Published April 09 2011
Oakport Township fight still tough for some
“It doesn’t help us,” said Connie, who has lived in this riverside neighborhood with her family since 1969. “It helps Crystal Creek and all those pretty homes over there.”
It’s a familiar problem for township residents who live west of Oakport Street and south of Wall Street. As others in this township are protected by a network of permanent and Army Corps of Engineers-built temporary dikes, about 60 homeowners are on their own. The terrain and trees in their neighborhood, east of the Red, make it too difficult to build an extensive levee system here. And so homeowners who want to avoid floodwaters rely on family, neighbors and the occasional volunteer to help sandbag.
The Kraemers’ daughter, Stacy Frink, and her family have spent the past couple of days helping her parents build up a sandbag dike.
They want to avoid a repeat of 2009. Although they sandbagged then, the corps evacuated the neighborhood, and power was shut down. Without sump pumps, the Kraemers returned home to find every level of their home flooded except the top floor.
This time around, Frink’s husband, Tony, expressed concern that the Oakport Street dike could actually hurt people on the west side of it. “If it stops the water from going east, we don’t know how that’s going to play out,” he said.
“Does that mean there’s going to be more water around the house?”
Greg Anderson, outgoing township chair, says the dikes are designed so they don’t make river levels any higher for surrounding areas.
In fact, elsewhere in Oakport, the flood fight seemed to be going well. The township’s nearly completed permanent dike project has saved the majority of Oakport residents from the evacuations and flooded basements that besieged the community in the past.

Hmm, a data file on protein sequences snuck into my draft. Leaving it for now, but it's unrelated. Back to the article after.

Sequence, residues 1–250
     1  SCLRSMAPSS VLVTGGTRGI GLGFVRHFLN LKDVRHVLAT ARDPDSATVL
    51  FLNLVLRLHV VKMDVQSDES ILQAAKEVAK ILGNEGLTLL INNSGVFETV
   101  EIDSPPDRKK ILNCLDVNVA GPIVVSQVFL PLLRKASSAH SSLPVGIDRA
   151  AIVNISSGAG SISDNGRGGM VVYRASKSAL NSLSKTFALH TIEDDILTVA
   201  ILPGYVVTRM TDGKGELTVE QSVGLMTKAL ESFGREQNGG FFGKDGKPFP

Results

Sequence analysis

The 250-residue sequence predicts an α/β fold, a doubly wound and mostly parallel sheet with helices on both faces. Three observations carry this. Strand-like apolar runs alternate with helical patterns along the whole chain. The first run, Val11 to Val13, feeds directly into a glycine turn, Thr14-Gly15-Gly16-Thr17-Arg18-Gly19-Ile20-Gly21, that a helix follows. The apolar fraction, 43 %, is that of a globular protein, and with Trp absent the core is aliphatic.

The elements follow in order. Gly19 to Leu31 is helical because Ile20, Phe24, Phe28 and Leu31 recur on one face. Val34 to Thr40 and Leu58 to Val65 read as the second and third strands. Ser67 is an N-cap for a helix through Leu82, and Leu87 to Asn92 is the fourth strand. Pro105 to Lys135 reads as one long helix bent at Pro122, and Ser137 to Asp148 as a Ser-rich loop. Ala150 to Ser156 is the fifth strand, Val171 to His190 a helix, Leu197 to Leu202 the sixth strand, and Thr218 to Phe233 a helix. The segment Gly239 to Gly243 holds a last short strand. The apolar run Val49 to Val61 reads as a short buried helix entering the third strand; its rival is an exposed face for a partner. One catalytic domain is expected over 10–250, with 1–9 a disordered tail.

“It’s hard to believe we’re getting nearly the same amount of water as we did in ’97,” Anderson said, while driving around the township Friday afternoon. “What a difference 14, 15 years have made.”
As he passed a home where kids played basketball in the driveway, he gestured toward them.
“People are living the way they’re supposed to be living,” he said. “That’s why we need dikes and we need diversions.”
One neighbor, who lives in Oakport’s Brentwood Acres, agreed the flood fight has grown much less stressful. Scott Erickson’s scenic view of woods and a coulee are now blocked by a steep clay dike, but he doesn’t mind.
“It’s a welcome addition,” Erickson said. His flood experience “was better than last year, and last year was better than the year before that.”
Now that Erickson doesn’t have to worry about his own home as much, “I can do sandbagging for other people. We’ve had so much help in the last two years; it’s nice to be able to give back.”
Readers can reach Forum reporter Tammy Swift at (701) 241-5525